Unable to bear the terrible strain of the disaster that overtook his mighty ship, Capt. E. J. Smith killed himself and gave to the seas a life spent in mastering her cunning and thwarting her designs.
Survivors' stories of the tragic end of the commander are rife, but differ strangely. Miss Gretchen Longley, a member of a prominent New York family, who was rescued, says that she knows Captain Smith sent a bullet into his brain. On the other hand, Mrs. Washington Dodge, whose story is one of the vivid tales recited of the catastrophe, says that Captain Smith jumped to his death from a life raft.
Mrs. Dodge claims that Captain Smith, in the terrible hour that followed the crash, was pushed from his ship to a raft. She also asserts that, once on the life raft the commander never faltered in his determination, and leaped to his death in the swirling waters.
Miss Longley's story relates that Captain Smith was alone in his library when his trained mind told him that hope was gone, and supplanted only by death and despair.
Two Try To Die By Their 0wn Hands
Captain Smith made two attempts to kill himself, said she, and at last he succeeded. He was in his library when the officers saw him with a revolver in his hand. They rushed their superior officer and tore the gun from him. The captain struggled with them desperately, broke away, and rushed to the bridge, where he killed himself, placing the revolver to his mouth and firing.
Another story of the death of Captain Smith was told by Mrs. Washington Dodge, of San Francisco.
I had my son with me," she said, "but my husband did not get on the boat, and I was sure he was lost. I was frantic with grief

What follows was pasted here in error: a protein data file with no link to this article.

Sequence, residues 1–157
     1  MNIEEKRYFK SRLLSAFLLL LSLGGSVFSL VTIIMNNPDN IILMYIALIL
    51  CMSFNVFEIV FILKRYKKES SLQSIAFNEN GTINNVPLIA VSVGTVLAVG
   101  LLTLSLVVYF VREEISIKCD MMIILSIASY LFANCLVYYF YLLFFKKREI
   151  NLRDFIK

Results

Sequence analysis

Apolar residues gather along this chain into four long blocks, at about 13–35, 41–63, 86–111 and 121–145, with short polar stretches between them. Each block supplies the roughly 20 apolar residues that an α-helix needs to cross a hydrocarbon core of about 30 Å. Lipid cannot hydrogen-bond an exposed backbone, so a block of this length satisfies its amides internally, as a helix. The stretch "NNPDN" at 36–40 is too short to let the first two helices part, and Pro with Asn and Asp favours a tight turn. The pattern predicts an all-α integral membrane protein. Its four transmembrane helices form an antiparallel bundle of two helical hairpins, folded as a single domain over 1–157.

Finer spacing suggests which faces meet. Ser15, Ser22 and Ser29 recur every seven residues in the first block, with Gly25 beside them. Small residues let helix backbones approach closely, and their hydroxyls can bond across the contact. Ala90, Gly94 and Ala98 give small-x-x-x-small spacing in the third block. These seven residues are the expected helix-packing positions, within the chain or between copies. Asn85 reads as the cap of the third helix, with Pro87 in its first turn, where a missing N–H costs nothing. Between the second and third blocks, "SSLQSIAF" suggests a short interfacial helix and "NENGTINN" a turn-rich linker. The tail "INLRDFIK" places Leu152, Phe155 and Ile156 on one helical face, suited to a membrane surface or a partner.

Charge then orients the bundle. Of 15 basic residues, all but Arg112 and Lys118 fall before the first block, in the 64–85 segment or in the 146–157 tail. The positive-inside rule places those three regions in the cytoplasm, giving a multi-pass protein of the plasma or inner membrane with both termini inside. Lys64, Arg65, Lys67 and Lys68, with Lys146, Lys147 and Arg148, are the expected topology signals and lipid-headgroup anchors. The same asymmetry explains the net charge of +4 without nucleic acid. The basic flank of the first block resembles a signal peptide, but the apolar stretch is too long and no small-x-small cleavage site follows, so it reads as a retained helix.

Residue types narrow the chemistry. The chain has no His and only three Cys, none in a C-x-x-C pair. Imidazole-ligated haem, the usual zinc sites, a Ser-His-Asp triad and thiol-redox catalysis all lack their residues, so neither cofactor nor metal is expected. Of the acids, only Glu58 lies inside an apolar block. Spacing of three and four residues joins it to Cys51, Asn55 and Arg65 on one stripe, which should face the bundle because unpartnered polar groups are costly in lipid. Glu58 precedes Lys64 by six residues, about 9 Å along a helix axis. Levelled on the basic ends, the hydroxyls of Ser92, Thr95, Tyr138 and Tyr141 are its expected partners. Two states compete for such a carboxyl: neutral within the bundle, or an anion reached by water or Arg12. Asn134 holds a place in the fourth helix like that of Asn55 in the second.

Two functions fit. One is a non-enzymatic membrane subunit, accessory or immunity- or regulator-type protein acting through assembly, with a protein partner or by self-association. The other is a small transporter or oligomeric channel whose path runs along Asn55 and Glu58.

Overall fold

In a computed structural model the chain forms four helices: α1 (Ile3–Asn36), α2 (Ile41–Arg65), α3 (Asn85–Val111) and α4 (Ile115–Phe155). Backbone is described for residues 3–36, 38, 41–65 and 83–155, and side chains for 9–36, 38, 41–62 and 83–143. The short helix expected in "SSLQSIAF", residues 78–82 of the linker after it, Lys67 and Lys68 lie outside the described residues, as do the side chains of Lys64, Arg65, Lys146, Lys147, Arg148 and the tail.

When the first explosion came I knew the Titanic was doomed, and I prayed earnestly to God to save my husband.
After the explosion I could see something of the panic on the Titanic. A few knelt and prayed, but the majority surged around the decks, a maddened mob. You see, they had opened the steerage gate and all were together.
Then I saw a man who I am sure was Captain Smith. He was being pushed onto a life raft. He flung his arms about and struggled like a mad man. It was easy to see he did not want to go. But the men who pushed him (probably the remaining ship's officers) insisted and at length they got him onto the raft. He looked wildly about for a moment, waving his arms in despair and supplication. Then he leaped off the raft into the ice-caked sea which closed over his head forever.
A woman in my boat moaned and fainted when she saw the captain take his life and I felt sick at heart for I thought of my absent husband. The men and women in my boat ceased their lamentations and listened quietly as the sweet, soothing strains of Nearer, My God, to Thee' floated over the water. Oh, what a balm that was to our agonized hearts. We could not but believe in the all-controlling power of the Heavenly Father when we saw that ship sinking with these musicians standing nobly at their posts trying to bring comfort to the last moments of those fated to go.
When that ship went down I asked God to help me for my son's sake to be brave. I thought my husband had gone down, too. Those dreary, fearful hours in the open boat I cannot speak of without trembling. My boy complained continually of the cold, and I tried to warm his litle [sic] chilled hands and feet the best I could. When we were taken aboard the Carpathia I felt like death and if it had not been for my son I would have gladly died. I had been ten hours on the Carpathia when I met my husband face to face. His face was lined with deep sorrow. I started at him and he stared at me as if he could not believe his eyes. He staggered toward me and looked into my eyes. He patted my hair and kept saying my name over and over again. Then we both fell sobbing into each others arms. Then a look of terrible grief overspread his face as he said: Where is the boy? My God, where is the boy?' When I told him that little Washington was safe and sound, his joy knew no bounds.
God has been kind to my family and I am a happy woman today.
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